# Math And The Linguistic Intelligence

Linguistic Intelligence – These are the students who get it through words. They like to hear it told to them. They understand through verbal explanations. Teaching with picture books and through songs, poems and chants helps them to learn. Also telling stories about the math and talking it through grabs and keeps their attention. In small group lessons you will be explaining and listening to these students “talk it out.” Here is a sample math workshop addressing the needs of the linguistic learners:

Mini-Lesson: Starts with a story, song, poem, chant; Math Think Alouds where the teacher makes the thinking process transparent;

Guided Math Group: Math think alouds; Sharing around the table; Each person explaining what they are doing; these students live for the individual math conferences because they get to talk about what they are doing and talk out their goals and talk out their challenges….

Math Centers: Provide opportunities for students to share their math with each other as they are learning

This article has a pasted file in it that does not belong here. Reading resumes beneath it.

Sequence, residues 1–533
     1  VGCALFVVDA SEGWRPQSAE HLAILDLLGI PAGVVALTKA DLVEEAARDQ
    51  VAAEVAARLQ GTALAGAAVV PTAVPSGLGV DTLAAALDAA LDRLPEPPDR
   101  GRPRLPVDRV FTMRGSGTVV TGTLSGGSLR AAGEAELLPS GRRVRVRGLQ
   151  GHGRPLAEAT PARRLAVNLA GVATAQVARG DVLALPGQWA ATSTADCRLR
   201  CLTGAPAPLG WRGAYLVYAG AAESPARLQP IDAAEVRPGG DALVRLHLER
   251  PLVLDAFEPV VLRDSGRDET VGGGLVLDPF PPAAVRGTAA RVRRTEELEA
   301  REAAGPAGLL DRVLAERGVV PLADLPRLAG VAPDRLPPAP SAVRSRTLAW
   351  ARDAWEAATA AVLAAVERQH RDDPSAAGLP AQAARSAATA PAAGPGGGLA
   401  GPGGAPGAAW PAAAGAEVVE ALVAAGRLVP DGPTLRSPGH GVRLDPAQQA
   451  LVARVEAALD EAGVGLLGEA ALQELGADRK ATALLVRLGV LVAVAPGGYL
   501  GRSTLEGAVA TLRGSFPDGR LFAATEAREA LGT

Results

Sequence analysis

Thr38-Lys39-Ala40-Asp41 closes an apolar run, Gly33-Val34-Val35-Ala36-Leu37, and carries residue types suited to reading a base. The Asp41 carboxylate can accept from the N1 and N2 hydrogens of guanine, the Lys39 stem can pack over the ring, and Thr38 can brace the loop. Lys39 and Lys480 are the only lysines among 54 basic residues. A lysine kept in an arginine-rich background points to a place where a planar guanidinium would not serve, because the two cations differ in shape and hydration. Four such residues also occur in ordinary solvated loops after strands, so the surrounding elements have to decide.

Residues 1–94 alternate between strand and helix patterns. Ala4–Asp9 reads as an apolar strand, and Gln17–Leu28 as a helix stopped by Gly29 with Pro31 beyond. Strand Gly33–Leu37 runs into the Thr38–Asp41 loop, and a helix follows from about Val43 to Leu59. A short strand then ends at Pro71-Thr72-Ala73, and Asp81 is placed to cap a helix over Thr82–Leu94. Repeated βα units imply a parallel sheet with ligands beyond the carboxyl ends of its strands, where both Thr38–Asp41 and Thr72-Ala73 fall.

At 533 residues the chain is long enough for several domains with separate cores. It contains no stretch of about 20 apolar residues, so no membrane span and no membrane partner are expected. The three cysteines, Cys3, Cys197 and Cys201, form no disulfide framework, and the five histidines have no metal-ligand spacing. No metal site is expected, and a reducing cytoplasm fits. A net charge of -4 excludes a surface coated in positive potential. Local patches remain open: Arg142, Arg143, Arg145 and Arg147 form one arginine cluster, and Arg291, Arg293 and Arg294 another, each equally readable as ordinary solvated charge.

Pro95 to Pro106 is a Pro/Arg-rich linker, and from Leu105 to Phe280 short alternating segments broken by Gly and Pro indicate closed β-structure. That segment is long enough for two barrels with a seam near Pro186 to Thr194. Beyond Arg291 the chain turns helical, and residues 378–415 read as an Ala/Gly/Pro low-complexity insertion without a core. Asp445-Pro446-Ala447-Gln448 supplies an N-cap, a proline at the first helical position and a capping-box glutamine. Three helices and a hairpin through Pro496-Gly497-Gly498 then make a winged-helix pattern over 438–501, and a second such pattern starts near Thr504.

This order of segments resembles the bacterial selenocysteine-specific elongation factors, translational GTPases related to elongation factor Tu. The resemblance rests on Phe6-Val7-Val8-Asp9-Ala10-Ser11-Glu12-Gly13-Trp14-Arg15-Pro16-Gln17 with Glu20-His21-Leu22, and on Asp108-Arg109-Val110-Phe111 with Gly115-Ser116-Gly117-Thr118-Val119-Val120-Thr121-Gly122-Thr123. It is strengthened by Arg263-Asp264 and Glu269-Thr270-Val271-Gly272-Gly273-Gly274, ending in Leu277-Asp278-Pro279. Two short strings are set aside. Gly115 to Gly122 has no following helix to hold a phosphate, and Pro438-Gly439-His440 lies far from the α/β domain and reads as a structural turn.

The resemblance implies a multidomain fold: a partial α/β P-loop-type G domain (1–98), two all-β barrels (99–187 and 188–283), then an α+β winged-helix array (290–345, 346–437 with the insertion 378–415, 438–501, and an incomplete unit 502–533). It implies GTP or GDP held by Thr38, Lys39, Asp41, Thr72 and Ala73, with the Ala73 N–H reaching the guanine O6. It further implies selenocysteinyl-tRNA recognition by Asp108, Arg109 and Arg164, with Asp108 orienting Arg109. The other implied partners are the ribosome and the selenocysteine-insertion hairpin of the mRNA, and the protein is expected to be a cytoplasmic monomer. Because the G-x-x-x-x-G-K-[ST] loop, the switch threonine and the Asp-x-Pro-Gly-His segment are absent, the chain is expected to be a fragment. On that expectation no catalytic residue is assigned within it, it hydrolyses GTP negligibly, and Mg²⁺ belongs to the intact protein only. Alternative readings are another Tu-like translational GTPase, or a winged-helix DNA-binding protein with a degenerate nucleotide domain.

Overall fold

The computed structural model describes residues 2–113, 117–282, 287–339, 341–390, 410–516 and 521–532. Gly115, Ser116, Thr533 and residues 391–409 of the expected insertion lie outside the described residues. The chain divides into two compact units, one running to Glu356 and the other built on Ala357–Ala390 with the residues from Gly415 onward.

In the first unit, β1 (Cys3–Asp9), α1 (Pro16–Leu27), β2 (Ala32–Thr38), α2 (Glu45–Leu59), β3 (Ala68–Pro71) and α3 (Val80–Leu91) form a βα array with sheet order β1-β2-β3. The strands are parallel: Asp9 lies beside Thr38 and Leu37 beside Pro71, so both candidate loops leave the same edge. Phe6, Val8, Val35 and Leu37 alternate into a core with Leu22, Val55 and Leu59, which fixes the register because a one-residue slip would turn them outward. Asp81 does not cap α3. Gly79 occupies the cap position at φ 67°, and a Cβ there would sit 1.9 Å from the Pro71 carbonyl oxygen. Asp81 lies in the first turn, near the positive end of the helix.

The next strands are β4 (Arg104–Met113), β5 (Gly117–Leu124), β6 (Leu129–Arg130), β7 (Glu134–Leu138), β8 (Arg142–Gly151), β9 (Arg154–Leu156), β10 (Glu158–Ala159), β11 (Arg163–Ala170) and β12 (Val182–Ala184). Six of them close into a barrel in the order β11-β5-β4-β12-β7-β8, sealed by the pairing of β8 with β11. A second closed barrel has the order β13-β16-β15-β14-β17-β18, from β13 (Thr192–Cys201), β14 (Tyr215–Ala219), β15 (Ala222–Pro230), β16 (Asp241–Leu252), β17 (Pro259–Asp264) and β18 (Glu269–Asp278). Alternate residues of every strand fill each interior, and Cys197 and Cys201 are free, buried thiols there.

Share: There is an opportunity for these students to come up and share their thinking with the class. Play microphones (either the echo ones or the toy ones with a battery amp really engage these learners…they will come up and talk forever about the math)…

Resources:

see the booklist in this blog

see conference protocols in this blog

Greetings,

One of my summer reading books was Guided Math by Laney Sammons. Using this bridge with reading is something teachers know how to do. And Think Math! (one of the math programs we are using with our curriculum) also encourages Math Talk which can be based upon literature or a particular concept. We let the kids listen on tape, why not let them listen to themselves on a microphone when talking about math. Also, Sammons does discuss the multiple ways children learn math in her book. This idea for a minilesson and small group focus seems like it should be going on in every K-5 classroom. (yes even 5th graders like to hear themselves talk)

Lisa PietrosimoneAugust 25, 2010

This was helpful in getting me to see beyond the importance of multiple intelligences in the ELA. I have thought of mathematics as being associate with Logical Intelligence and therefore not important when thinking about Gardner’s Multiple Intelligences in regards to students’ learning styles. Now I understand that just because it is math there are various ways to approach teaching math and the varied intelligence styles are still relevant.

Luster ChaunceyDecember 23, 2010